New ship patrols South China Sea

Updated: 2013-03-23 02:31

By WANG QIAN in Guangzhou (China Daily)

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A fishery inspection ship set off on its maiden voyage from Guangzhou to patrol the South China Sea on Friday, according to the Regional Bureau of South China Sea Fishery Management of the Ministry of Agriculture.

Wu Zhuang, director of the bureau, said the Yuzheng 312 will play a positive role in regular patrols of the South China Sea, strengthening the country's law enforcement capacity and better protecting fishermen's safety.

New ship patrols South China Sea

China’s largest fishery administration ship, the Yuzheng 312, begins its maiden patrol in the South China Sea on Friday. Departing from Guangzhou, it sailed to the Nansha Islands to carry out a law enforcement mission. KE XIAOJUN / CHINA NEWS SERVICE

The 101-meter ship, with a displacement of 4,950 tons, is the largest fishery patrol vessel in the fishery fleet patrolling the South China Sea.

It has a maximum range of 2,400 nautical miles (4,445 km) and a top speed of 14 nautical miles per hour.

The bureau said the ship was converted from the Dongyou 621 of the East China Sea Fleet of the Chinese People's Liberation Army navy.

Wu said the voyage will take about 40 to 50 days, mainly in the waters of the Nansha Islands in the South China Sea.

"The vessel is equipped with a water cannon to protect our fishermen and prevent illegal incursions," he added.

Facing complicated marine disputes over the waters of China, he said unifying the country's maritime law enforcement forces is important in guaranteeing the nation's maritime rights and enhancing law enforcement capacity.

According to the overhaul plan announced on March 10, four forces involved in maritime law enforcement will be unified under a single administration, the Maritime Police Bureau, under the restructured State Oceanic Administration.

As one of the country's maritime law enforcement forces, the fishery administration is one of the four departments facing restructuring.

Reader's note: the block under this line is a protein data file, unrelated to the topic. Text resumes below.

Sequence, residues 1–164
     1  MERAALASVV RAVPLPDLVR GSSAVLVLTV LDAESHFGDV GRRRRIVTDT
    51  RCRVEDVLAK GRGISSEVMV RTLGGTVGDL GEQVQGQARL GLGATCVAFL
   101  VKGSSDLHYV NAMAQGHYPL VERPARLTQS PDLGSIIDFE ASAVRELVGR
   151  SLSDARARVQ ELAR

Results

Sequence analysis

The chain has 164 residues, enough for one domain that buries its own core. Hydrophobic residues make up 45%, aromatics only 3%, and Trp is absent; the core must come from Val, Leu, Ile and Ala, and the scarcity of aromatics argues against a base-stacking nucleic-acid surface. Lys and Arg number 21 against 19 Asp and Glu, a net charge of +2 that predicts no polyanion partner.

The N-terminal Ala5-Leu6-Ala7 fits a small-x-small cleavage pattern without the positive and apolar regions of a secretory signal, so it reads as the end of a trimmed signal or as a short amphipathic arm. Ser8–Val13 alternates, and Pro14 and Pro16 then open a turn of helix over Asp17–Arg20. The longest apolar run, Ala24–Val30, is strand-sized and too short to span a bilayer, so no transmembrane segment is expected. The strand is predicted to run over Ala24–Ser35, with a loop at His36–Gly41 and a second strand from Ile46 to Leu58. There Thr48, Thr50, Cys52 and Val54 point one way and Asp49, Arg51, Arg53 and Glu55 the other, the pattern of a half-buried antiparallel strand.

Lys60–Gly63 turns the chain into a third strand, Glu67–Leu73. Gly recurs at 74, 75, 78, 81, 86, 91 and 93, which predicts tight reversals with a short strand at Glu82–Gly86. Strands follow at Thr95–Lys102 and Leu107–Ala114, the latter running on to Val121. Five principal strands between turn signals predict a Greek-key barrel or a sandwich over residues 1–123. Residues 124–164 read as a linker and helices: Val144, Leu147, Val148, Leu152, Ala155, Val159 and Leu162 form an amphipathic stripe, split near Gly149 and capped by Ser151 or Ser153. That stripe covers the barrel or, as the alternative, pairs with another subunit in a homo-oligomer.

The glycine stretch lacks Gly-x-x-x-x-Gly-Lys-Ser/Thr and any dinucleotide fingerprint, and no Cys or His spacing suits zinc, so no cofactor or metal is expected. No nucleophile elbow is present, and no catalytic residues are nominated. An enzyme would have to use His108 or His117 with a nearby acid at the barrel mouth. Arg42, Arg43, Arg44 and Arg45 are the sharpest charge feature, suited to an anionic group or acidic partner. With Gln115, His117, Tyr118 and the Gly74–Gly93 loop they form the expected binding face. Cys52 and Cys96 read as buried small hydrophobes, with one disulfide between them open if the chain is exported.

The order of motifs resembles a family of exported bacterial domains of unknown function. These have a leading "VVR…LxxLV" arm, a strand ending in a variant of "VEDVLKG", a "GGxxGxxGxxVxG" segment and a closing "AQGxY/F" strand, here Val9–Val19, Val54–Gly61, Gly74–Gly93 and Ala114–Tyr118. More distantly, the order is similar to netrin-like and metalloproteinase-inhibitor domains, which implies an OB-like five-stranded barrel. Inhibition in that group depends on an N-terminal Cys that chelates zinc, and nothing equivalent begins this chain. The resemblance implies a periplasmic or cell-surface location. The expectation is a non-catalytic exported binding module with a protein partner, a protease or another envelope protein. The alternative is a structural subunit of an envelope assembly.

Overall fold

The others are China Marine Surveillance under the State Oceanic Administration, coast guard forces of the Ministry of Public Security and maritime anti-smuggling authorities of the General Administration of Customs.

Meng Hongwei, vice-minister of public security, was appointed head of the new Maritime Police Bureau, and Liu Cigui, head of the restructured SOA, was appointed political commissar of the bureau on Monday.

Shi Qingfeng, spokesman for the State Oceanic Administration, said the restructured SOA will strengthen its capacity in law enforcement, as well as marine environment and resource protection.

"The restructuring work is proceeding in an orderly fashion. Before the State Council releases the plan for the administration's personnel and responsibilities, the marine law enforcement forces involved will carry out their patrol duties as usual," Shi said.

According to Shi, the plan for the new bureau's responsibilities and its personnel will state whether the newly established Maritime Police Bureau can enforce criminal law, and whether the patrol ship will be equipped with weapons.

An insider from China Marine Surveillance told China Daily the departments involved have been discussing the restructuring.

Niu Dun, vice-minister of agriculture and a member of China's top advisory body, told Beijing Youth Daily during the annual two sessions that there are more than 35,000 fishery management workers, not all of whom will be transferred to the restructured SOA because some are protecting fishermen's interests in rivers and lakes.